It’s official. The crazies have arrived for the 2012 presidential race, florid in their deviant and repulsive rhetoric. Andrew B. Adler, editor of The Atlanta Jewish Times, called on Israel’s President Benjamin Netanyahu to “Order a hit on a president in order to preserve Israel’s existence.” This reference to President Barack Obama appeared in the print edition of the paper on January 13 and was first published online by Gawker on the 20th (alternate links here and here).
Right wing Republican Mike O’Neal, speaker of the Kansas House of Representatives, forwarded an email referring to the president that quoted (approximately) Psalm 109.8: “Let his days be few and brief; and let others step forward to replace him.” The Lawrence Journal World noted that the very next verse, 109.9, indicates how the president should be replaced: “Let his children be fatherless, and his wife a widow.” (Image SND)
The First Amendment is ignored when reactionary mayors want to stop the free speech and assemblies of Occupy Wall Street. However, free speech is expanded beyond the limits of the law when religious extremists in Atlanta and Kansas step well outside of the boundaries of U.S. Code. Continue reading →
(Washington, DC) Former Illinois governor Rod Blagojevich just got 14 years in prison. He wheeled and dealed to leverage contributions and other favors based on his position as governor. He was indicted by former special prosecutor Patrick Fitzgerald (who tanked the Valerie Plame case).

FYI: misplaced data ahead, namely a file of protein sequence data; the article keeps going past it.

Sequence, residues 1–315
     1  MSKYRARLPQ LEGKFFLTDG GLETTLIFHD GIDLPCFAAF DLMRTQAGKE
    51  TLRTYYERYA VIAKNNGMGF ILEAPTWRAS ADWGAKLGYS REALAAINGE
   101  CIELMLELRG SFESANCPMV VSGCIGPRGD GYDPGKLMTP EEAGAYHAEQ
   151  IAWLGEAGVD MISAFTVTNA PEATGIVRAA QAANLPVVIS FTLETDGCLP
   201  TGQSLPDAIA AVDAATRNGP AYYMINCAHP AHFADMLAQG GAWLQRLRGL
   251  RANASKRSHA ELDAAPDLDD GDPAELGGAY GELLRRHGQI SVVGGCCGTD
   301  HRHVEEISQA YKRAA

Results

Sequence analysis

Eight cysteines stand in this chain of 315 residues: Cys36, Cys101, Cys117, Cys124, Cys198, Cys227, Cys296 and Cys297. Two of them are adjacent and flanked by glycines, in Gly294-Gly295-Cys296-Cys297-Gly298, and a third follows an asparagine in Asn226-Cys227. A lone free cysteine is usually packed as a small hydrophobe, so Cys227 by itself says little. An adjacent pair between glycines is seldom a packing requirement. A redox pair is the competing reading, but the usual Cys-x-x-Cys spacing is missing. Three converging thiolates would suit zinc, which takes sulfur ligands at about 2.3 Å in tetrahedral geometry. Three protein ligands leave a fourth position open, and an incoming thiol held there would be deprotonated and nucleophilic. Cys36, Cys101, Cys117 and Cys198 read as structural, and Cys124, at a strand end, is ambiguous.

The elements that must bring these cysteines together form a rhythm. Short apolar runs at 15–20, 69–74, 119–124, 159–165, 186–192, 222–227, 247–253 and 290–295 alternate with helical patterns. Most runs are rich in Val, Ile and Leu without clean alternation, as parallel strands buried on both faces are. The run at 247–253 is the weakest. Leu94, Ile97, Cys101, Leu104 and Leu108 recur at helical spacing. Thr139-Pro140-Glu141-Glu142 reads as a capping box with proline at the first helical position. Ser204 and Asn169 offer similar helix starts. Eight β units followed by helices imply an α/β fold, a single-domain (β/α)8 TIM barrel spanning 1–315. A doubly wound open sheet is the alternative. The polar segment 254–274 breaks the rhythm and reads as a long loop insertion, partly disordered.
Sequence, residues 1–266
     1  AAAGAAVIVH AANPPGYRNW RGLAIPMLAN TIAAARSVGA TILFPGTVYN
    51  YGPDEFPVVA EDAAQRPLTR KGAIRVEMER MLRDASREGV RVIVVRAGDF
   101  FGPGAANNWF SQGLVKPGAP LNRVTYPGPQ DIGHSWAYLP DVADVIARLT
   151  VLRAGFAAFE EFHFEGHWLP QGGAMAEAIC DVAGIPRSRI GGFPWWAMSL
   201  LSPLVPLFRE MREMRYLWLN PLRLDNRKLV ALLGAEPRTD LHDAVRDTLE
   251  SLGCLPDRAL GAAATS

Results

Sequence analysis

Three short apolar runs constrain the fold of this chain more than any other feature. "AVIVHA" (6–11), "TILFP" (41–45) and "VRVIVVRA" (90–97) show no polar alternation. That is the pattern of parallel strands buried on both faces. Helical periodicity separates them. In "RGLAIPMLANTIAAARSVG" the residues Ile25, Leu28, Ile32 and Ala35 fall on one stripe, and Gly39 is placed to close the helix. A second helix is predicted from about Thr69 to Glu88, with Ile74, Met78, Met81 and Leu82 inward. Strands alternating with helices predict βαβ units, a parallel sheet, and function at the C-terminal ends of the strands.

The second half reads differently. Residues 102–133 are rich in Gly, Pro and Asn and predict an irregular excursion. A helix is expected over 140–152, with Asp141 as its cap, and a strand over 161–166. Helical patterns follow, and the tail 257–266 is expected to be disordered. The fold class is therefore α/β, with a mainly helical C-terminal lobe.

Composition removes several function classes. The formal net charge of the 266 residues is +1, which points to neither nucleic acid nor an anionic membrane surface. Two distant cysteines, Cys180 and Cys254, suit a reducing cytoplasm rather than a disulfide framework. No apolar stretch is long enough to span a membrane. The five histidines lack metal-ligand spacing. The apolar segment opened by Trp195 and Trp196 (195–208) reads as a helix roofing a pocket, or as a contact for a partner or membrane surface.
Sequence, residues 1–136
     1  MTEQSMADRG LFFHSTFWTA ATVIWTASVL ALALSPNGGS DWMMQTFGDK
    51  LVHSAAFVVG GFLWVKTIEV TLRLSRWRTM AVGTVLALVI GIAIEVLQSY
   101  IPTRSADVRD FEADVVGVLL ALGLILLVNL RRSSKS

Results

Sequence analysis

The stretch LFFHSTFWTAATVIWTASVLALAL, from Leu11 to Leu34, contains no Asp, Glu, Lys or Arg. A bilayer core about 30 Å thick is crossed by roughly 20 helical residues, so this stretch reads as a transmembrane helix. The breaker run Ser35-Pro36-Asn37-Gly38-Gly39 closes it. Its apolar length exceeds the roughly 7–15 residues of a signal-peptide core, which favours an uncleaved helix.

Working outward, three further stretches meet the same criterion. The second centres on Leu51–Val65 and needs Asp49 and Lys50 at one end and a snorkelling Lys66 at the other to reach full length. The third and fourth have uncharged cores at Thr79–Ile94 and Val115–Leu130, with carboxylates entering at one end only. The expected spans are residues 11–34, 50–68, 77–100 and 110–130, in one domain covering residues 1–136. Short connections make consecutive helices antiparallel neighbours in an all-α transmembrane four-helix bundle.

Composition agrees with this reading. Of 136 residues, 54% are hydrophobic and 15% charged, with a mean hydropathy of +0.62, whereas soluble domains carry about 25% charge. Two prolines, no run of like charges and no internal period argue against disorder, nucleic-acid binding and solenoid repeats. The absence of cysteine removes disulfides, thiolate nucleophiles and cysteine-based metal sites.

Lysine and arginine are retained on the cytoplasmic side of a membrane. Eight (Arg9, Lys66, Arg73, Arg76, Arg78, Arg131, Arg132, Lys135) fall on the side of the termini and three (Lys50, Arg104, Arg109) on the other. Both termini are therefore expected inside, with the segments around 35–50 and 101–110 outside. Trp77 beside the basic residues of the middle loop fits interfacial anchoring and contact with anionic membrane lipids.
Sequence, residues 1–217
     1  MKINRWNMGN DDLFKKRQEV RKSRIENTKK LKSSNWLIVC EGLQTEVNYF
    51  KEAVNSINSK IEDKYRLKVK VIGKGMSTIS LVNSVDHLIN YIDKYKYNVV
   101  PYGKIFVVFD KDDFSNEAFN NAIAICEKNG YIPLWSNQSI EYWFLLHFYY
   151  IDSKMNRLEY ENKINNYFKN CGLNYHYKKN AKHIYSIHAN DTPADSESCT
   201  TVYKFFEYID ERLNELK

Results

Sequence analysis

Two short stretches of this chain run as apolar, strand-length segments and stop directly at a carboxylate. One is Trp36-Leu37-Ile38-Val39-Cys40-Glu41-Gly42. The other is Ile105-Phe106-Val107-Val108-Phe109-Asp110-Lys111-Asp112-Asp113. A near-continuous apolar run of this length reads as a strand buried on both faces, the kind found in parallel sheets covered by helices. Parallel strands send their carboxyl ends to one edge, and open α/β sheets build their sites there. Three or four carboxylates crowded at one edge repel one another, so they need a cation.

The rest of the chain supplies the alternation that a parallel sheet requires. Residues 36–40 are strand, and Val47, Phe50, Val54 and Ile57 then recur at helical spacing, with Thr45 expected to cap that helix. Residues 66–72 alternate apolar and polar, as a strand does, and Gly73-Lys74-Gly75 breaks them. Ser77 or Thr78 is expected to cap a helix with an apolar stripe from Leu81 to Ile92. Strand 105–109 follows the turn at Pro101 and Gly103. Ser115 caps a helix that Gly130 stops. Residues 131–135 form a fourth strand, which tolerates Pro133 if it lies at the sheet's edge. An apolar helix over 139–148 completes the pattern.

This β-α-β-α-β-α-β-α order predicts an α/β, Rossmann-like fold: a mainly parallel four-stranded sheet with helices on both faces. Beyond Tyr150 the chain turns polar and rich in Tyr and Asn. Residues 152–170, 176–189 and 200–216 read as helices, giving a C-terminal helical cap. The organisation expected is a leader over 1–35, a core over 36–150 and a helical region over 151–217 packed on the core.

Maybe it was the former governor’s colorful (and to some vulgar) language captured on audio tapes or his brash style. Regardless of the motives, the time, money and attention wasted on his indictment and trial stands in stark contrast to the crimes never prosecuted, crimes that resulted in death, unnecessary illness and suffering, and the loss of trillions of dollars caused by the perpetrators of the current economic crisis. (Image: michaelpickard)
While prosecutors pick easy targets like Blagojevich, serious crimes go unprosecuted.
President George W. Bush and Vice President Richard Cheney lied about the basis for invading Iraq. As a result, they are responsible for the deaths of soldiers resulting from that invasion and occupation. Continue reading →
(Washington, DC) A faction of the Iranian Revolutionary Guard called the Quds Force (QF) is center stage in the War on Terror for the second time in five years. In 2007, President George W. Bush hauled out the group of middle and upper level Iranian government officials as a rationale for military action against Iran. The decisive shutdown of the Bush effort marks a critical turning point in recent history and will be discussed later in the article.
QF II began last Tuesday when FBI Director Robert Mueller and Attorney General Eric Holder unified the terror storyline between the rabid neoconservatives of the Bush era and the low key loyalists to the national security state in the Obama administration. Continue reading →
The attempted assassination of Representative Gabrielle Giffords raises the bar for political lies and hate to a new level. Previously, incendiary political lies stopped just short violent imagery. Sarah Palin’s Take Back 20 campaign presented a violent threat in the form of rifle site crosshairs placed over the congressional districts of 20 Democratic supporters of health care reform.